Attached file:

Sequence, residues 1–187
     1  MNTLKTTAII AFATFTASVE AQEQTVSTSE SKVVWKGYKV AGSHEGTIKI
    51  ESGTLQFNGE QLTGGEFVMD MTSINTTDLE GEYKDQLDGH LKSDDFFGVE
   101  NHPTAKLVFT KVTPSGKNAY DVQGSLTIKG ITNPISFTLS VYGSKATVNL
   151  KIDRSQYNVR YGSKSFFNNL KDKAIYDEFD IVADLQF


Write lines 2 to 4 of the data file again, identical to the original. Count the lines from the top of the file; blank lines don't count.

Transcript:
     1  MNTLKTTAII AFATFTASVE AQEQTVSTSE SKVVWKGYKV AGSHEGTIKI
    51  ESGTLQFNGE QLTGGEFVMD MTSINTTDLE GEYKDQLDGH LKSDDFFGVE
   101  NHPTAKLVFT KVTPSGKNAY DVQGSLTIKG ITNPISFTLS VYGSKATVNL